Thanks to Jack, Bella’s entry was accepted. Coming 41st out of 80 starters at the famous horse trials in 2005 was a highspot of her career. ‘The cross-country course included the fearsome Vicarage Vee jump – it’s every rider’s dream to jump that,’ Bella says. Unfortunately her father wasn’t well enough to join the crowd at Badminton. Her parents watched her complete her round on TV at Manor Farm. Sadly, David died later that year.
Four years ago Bella’s career as a top rider came a cropper for a second time after she sustained a serious back injury in a fall, but she still passes on her expertise to aspiring international competitors. Cossacks continues to attract the best in the sport. Members of the GB Paralympics team used the facilities to train in the run-up to the games in Rio in 2016. Soon after that Bella,
her mother and older brother John decided to discontinue the livery side but still train riders, aided by top people in eventing. All the amenities at Cossacks are now available for outsiders to hire.
As for the farmhouse, the oldest part was built in the 16th century. Today, following the extensions added when the Tschaikowskys took over, there are six bedrooms and three bathrooms. One of the bedrooms still has wig cupboards by the fireplace where the yeoman farmer and his wife would have stowed their headgear before putting on nightcaps and hopping into bed. There are three reception rooms. The sitting room in the oldest part of the house is the heart of the home, Rosemary says. Originally it was the kitchen. At the side of the inglenook fireplace, along with a bread oven and ancient meat hook, is the ‘wages window’ where the farm labourers queued to collect their pay. Rosemary says the kitchen is ‘warm and inviting during the winter months and the perfect spot to take advantage of sunnier days when the French doors are open.’ There are now two kitchens, ‘both double as breakfast rooms.’ The stone wall by the back staircase is believed to be 500 years old.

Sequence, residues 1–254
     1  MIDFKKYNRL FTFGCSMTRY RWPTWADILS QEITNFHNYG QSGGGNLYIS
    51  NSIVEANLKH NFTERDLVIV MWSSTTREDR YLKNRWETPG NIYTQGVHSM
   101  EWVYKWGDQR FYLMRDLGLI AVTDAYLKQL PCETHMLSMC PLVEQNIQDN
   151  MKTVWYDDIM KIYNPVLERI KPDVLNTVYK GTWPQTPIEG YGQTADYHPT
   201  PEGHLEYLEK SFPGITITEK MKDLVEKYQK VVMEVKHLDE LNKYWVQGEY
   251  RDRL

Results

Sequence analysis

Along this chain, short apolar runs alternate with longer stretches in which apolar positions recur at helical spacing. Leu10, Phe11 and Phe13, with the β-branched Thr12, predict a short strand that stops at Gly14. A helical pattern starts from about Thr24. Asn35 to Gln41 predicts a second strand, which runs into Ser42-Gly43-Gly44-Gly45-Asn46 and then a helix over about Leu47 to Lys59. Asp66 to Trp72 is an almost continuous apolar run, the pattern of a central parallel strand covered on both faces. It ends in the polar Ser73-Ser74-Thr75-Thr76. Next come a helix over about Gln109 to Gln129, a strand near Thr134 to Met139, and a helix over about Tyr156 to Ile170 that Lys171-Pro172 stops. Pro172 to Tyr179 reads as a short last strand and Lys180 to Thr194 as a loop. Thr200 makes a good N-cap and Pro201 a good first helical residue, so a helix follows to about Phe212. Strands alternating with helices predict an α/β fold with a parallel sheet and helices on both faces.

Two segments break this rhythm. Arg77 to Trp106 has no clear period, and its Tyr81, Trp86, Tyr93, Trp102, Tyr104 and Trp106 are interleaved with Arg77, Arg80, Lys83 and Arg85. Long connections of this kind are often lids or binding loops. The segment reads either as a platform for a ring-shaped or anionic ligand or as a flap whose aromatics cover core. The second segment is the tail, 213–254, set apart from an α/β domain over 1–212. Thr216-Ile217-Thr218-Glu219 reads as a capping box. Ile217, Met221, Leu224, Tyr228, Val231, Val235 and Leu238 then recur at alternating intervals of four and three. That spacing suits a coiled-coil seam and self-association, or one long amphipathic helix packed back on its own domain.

As well as the main house there are three further bedrooms, two bathrooms, two sitting rooms and two kitchens in the granary, which the Tschaikowskys converted into staff accommodation.
After 24 years, Manor Farm is now waiting for new owners to move in and build on the present family’s achievements. The property along with the equestrian business is on the market through Hamptons International in Great Missenden. The agents are inviting offers over £4m.